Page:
Date of Award

Spring 1997

Document Type

Dissertation - Restricted

Degree Name

Doctor of Philosophy (PhD)



First Advisor

Hay, Carla

Second Advisor

Gardinier, David

Third Advisor

Hay, Robert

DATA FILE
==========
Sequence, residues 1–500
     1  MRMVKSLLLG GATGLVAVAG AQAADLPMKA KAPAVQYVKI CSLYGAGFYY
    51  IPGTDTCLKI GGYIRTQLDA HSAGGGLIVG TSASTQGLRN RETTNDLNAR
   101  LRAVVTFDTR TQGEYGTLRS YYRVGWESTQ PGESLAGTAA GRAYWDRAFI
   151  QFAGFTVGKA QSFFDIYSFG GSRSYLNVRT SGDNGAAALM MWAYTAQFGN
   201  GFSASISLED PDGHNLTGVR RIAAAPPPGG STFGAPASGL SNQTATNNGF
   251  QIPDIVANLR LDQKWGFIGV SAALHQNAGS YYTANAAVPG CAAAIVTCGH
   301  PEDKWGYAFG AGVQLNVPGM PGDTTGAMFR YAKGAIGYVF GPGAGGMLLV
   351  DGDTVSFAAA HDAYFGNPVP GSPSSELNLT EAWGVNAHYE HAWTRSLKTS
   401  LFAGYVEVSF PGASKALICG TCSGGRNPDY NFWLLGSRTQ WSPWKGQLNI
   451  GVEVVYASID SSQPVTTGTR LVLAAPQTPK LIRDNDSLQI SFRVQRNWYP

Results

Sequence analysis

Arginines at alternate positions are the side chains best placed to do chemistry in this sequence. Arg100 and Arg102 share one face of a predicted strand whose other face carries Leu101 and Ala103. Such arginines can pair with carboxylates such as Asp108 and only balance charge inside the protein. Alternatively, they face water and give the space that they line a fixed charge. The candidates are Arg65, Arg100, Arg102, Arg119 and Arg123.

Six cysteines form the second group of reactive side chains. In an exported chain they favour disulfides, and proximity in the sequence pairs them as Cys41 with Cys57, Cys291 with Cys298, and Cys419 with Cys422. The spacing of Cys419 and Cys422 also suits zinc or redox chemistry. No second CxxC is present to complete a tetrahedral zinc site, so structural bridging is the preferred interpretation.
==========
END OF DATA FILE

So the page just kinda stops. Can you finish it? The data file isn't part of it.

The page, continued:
The above statement was made in London by the soon-to-be restored king of France in April 1814 at a banquet held in his honor at the Guildhall. This gala state occasion marked the triumph of twenty-five years of British foreign policy. Although the reception was limited to the inner circle of society, the British public were keenly interested in the proceedings and in Louis XVIII's journey back to his native land. Would the restored king follow the example set by his adopted land and establish a constitutional monarchy or would he follow the fateful path of his brother Louis XVI? Diplomatic history has traditionally focused on the activities of the few men who formulated and enacted foreign policy while little attention has been paid to the domestic pressures that affected international decisions. In a recent work, noted IV historian Linda Colley, underscoring the need to examine more closely British public opinion, called for further investigation of British patriotism during the years when the United Kingdom was at war with France. In his study, Natural and Necessary Enemies; Anglo-French relations in the Eighteenth Century, historian Jeremy Black has demonstrated the interaction between public opinion and foreign affairs for the eighteenth-century. The crucial period coinciding with the conclusion of the Napoleonic wars, the restoration of the Bourbons, and the implementation of the congress system has not received, however, comparable analysis despite the growing politicization of the populace as evidenced in phenomenon as diverse as the abolitionist movement, Spa Field riots, and the organized outcry against the first peace treaty with France. This study will remedy this imbalance by focusing on the crucial period between the Treaty of Chaumont and the Congress of Aix-la-Chapelle, a pivotal period in Anglo-French relations. It will highlight the interplay between the public and the government which caused the Liverpool administration to tum away from its initial policy of open friendship with France and instead distance itself from Continental affairs...



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